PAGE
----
Some of our business partners may use cookies on our site (for example, advertisers). However, we have no access to or control over these cookies and we are not aware of any at present that do so.

Log Files

We use IP addresses to analyse trends, administer the site, track movement, and gather broad demographic information for aggregate use. IP addresses are not linked to personally identifiable information.


This web site contains links to other sites. Please be aware that Mondaq (or its affiliate sites) are not responsible for the privacy practices of such other sites. We encourage our users to be aware when they leave our site and to read the privacy statements of these third party sites. This privacy statement applies solely to information collected by this Web site.

Surveys & Contests

From time-to-time our site requests information from users via surveys or contests. Participation in these surveys or contests is completely voluntary and the user therefore has a choice whether or not to disclose any information requested. Information requested may include contact information (such as name and delivery address), and demographic information (such as postcode, age level). Contact information will be used to notify the winners and award prizes. Survey information will be used for purposes of monitoring or improving the functionality of the site.


If a user elects to use our referral service for informing a friend about our site, we ask them for the friend’s name and email address. Mondaq stores this information and may contact the friend to invite them to register with Mondaq, but they will not be contacted more than once. The friend may contact Mondaq to request the removal of this information from our database.


This website takes every reasonable precaution to protect our users’ information. When users submit sensitive information via the website, your information is protected using firewalls and other security technology. If you have any questions about the security at our website, you can send an email to webmaster@mondaq.com.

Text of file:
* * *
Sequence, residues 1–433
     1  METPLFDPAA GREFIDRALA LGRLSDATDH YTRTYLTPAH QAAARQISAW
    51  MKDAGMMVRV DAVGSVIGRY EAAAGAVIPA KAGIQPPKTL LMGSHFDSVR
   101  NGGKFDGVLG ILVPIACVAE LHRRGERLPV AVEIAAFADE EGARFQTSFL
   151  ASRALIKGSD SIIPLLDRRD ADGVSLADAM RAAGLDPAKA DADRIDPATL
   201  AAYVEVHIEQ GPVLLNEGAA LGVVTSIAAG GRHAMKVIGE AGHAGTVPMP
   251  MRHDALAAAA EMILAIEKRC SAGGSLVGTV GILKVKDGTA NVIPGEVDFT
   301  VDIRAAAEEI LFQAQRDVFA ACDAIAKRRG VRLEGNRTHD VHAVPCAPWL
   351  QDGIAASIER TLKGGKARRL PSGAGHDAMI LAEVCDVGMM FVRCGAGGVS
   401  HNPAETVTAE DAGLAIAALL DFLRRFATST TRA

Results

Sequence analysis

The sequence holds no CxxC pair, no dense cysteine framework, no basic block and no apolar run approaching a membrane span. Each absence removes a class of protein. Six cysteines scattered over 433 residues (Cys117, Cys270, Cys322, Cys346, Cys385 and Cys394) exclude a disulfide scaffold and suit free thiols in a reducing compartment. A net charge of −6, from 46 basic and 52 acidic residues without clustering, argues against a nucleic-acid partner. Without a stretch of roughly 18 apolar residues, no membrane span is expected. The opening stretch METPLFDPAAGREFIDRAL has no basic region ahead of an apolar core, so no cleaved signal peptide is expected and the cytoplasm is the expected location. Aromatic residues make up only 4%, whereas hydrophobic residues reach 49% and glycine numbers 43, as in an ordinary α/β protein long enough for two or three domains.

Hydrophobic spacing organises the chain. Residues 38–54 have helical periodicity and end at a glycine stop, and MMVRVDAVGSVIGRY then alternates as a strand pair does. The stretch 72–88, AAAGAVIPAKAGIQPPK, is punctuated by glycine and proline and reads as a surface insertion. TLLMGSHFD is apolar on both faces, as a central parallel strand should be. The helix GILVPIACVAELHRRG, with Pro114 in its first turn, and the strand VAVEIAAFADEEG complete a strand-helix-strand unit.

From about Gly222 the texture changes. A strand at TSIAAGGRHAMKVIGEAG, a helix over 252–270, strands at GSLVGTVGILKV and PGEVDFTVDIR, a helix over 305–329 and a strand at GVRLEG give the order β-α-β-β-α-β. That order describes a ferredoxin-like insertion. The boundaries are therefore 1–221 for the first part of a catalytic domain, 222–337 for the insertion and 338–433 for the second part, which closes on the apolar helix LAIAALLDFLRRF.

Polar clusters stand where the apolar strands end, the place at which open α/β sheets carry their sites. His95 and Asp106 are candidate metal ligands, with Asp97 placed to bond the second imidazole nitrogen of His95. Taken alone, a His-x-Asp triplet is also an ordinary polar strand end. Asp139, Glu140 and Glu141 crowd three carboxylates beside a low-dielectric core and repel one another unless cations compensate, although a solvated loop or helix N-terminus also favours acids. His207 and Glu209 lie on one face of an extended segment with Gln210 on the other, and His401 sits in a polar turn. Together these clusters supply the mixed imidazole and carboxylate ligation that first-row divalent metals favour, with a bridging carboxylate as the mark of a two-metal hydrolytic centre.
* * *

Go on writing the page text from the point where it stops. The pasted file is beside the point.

Correcting/Updating Personal Information

If a user’s personally identifiable information changes (such as postcode), or if a user no longer desires our service, we will endeavour to provide a way to correct, update or remove that user’s personal data provided to us. This can usually be done at the “Your Profile” page or by sending an email to EditorialAdvisor@mondaq.com.

Notification of Changes

If we decide to change our Terms & Conditions or Privacy Policy, we will post those changes on our site so our users are always aware of what information we collect, how we use it, and under what circumstances, if any, we disclose it. If at any point we decide to use personally identifiable information in a manner different from that stated at the time it was collected, we will notify users by way of an email. Users will have a choice as to whether or not we use their information in this different manner. We will use information in accordance with the privacy policy under which the information was collected.

How to contact Mondaq

You can contact us with comments or queries at enquiries@mondaq.com.

If for some reason you believe Mondaq Ltd. has not adhered to these principles, please notify us by e-mail at problems@mondaq.com and we will use commercially reasonable efforts to determine and correct the problem promptly.